Sanchez and Scherzer: a pair of historic performances

Nov. 1, 2020:

Twice in MLB playoff history, a team has had two of its pitchers carry no-hitters into the sixth innings or later in back-to-back games. The two teams were different – the Detroit Tigers in 2013 and the Washington Nationals in 2019 – but the two pitchers were the same: Anibal Sanchez and Max Scherer.

Scherzer won his first Cy Young Award in 2013, winning 21 games with a 2.90 earned run average and a league-leading 0.970 WHIP (walks and hits per innings pitched). Sanchez won 14 games and led the league with a 2.57 ERA.

Tigers ace Justin Verlander had started and beaten the A’s in Game 5 of the division series, so Sanchez started the first game of the A.L. championship series against the Red Sox in Boston on Saturday night, Oct. 12, facing John Lester.

 Detroit scratched out a run with a walk, a hit-batsman and a two-out single off Lester in the top of the sixth. In the bottom of the inning, Sanchez surrendered a one-out walk and threw a wild-pitch before striking out David Ortiz. Two more walks loaded the bases before the Venezuelan righty struck out Stephen Drew on his 116th pitch.

Tigers manager Jim Leyland figured Sanchez had given it all he could. He left with his no-hitter and the lead intact, but he had walked six.

The bullpen took over in the seventh. Daniel Nava’s one-out single in the ninth off Joaquin Benoit was all the Sox could muster as the Tigers won, 1-0.

Scherzer’s steller performance came in Sunday night’s game, but the Tigers weren’t able to capitalize. Detroit scored four in the top of the sixth to give Max a 5-0 lead. In the bottom of the inning, he lost the no-hitter when he gave up a two-out, line-drive, single to Shane Victorino, followed by Dustin Pedroia’s RBI double. Scherzer struck out Ortiz to end the inning. Max retired the Red Sox 1-2-3, in the seventh, fanning his 12th and 13th batters. He left with a 5-1 lead.

This time, Detroit’s bullpen failed miserably. Five pitchers, three of whom had pitched the day before, each gave a run, recording just three outs before the Red Sox won in walk-off fashion with nobody out in the ninth, 6-5. Despite seven innings of two-hit ball and 13 strikeouts, Scherzer got a no-decision. The Red Sox advanced to the World Series by beating the Tigers 4 games to 2, beating Sanchez and Scherer in their next starts.

Thankfully for Nationals fans, the efforts of Sanchez and Scherzer proved more fruitful in 2019. While missing time with an injury, Scherzer won 11 games with a sub-3.00 ERA and fanned an amazing 243 batters in 172.1 innings. After losing his first six decisions, Sanchez went 11-2.


The Nats had beaten Milwaukee in dramatic fashion in the wild-card game before facing the Dodgers, the team with the N.L.’s best record. The teams split the first two games in Los Angeles. Sanchez started Game 3 in D.C. and left with a 2-1 lead after five, the only Dodger run coming on a two-out homer in the fifth by Max Muncy. But Patrick Corbin imploded in the sixth, with Los Angeles scoring seven runs in the inning on the way to a 10-4 win.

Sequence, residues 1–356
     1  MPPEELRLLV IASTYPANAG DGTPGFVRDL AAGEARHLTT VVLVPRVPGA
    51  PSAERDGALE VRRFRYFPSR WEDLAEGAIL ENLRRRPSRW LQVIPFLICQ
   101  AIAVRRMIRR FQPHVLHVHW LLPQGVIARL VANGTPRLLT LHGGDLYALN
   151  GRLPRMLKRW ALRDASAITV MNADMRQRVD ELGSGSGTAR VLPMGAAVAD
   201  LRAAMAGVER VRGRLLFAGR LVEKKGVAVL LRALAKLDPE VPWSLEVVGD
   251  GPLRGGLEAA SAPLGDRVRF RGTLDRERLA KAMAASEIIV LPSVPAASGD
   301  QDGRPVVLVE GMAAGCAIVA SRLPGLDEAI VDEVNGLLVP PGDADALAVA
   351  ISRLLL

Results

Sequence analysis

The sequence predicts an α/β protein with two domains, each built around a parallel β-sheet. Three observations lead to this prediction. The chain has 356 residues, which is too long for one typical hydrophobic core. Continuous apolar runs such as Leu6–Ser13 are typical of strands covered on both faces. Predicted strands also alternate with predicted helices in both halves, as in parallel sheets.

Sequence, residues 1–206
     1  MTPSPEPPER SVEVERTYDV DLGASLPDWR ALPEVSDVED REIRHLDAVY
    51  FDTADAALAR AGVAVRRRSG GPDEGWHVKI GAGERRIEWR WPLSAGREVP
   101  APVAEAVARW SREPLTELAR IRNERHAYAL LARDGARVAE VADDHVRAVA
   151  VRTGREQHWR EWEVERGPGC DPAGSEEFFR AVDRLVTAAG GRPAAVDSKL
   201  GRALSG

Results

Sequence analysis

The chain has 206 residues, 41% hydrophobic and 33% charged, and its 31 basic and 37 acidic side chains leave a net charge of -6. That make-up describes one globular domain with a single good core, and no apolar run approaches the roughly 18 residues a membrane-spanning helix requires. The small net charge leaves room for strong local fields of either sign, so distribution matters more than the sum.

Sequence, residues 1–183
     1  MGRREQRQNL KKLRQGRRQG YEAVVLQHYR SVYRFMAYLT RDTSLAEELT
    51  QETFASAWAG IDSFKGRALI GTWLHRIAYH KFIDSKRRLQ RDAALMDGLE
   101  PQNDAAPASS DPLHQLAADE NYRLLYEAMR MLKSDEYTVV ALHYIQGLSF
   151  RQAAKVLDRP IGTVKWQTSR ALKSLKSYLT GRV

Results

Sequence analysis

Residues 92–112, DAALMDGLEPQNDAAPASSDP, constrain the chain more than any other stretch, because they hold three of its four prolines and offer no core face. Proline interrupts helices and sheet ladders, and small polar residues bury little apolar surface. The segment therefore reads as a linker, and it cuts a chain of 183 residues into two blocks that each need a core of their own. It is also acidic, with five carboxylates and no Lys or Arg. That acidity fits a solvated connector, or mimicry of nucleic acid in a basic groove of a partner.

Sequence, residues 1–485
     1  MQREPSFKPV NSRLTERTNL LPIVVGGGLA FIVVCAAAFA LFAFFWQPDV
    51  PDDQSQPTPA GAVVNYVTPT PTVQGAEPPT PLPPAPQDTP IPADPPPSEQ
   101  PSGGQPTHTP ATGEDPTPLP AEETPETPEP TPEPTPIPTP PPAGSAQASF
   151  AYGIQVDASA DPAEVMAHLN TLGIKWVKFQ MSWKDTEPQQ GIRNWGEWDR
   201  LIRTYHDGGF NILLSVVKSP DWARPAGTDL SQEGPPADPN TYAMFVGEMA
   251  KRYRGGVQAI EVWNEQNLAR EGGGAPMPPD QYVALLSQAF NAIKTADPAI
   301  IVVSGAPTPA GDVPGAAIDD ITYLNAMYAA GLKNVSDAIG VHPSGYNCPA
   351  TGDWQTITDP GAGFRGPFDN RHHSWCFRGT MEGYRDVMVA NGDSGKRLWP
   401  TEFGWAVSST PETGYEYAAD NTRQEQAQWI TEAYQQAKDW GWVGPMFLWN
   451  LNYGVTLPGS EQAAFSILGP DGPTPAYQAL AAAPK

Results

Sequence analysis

Scherzer kept the Nats alive, giving up one run over seven innings in a 6-1 victory in D.C. Howie Kendrick’s 10th-inning grand slam in Game 5 sent Washington on to the division series.

Sanchez got the call to start the league championship series against the Cardinals on Friday night, Oct. 11 so Scherzer could start Game 2 on longer rest. As he had been in 2013, Sanchez was masterful. In the fourth, a walk, a bad throw on a steal put a runner at third with two out, but Sanchez got Marcell Ozuna to pop out in foul territory. In the sixth, with the Nationals clinging to a 1-0 lead, he hit a batter but after a steal and groundout, he stranded that runner at third.

His teammates gave Sanchez a tiny bit of breathing room by scoring a run off the Cards’ bullpen in the seventh. Anibal set the Cardinals down in the bottom of the inning. On his 103rd pitch with two outs in the eighth, he gave up a line single to pinch-hitter Jose Martinez. Manager Dave  Martinez brought in Sean Doolittle for a four-out save. The Cards got nothing else and lost, 2-0.

The next afternoon, Scherzer did his best to top that. He no-hit the Cardinals through six, striking out 10, before Paul Goldschmidt lined a single on an 0-2 pitch leading off the seventh. Scherzer then fanned Ozuna and got Yadier Molina to hit in a double-play grounder to short. His night ended after 101 pitches.

Adam Eaton’s double gave the Nats a 2-0 lead in the top of the eighth. Doolittle was called on again in the bottom of the inning. After one-out single, pinch -hitter Jose Martinez came through once more. His RBI double made it 3-1. But Corbin and Daniel Hudson retired the Cards in order in the ninth to seal the victory for Scherzer.        

Stephen Strasburg and Corbin started the third and fourth games in D.C. as the Nationals completed the sweep with 8-1 and 10-4 wins. So it was on to Houston, where seven games later, there was a Washington World Series celebration.

A version of this appeared in Here’s The Pitch, the daily post of the Internet Baseball Writers Association, in November 2021.

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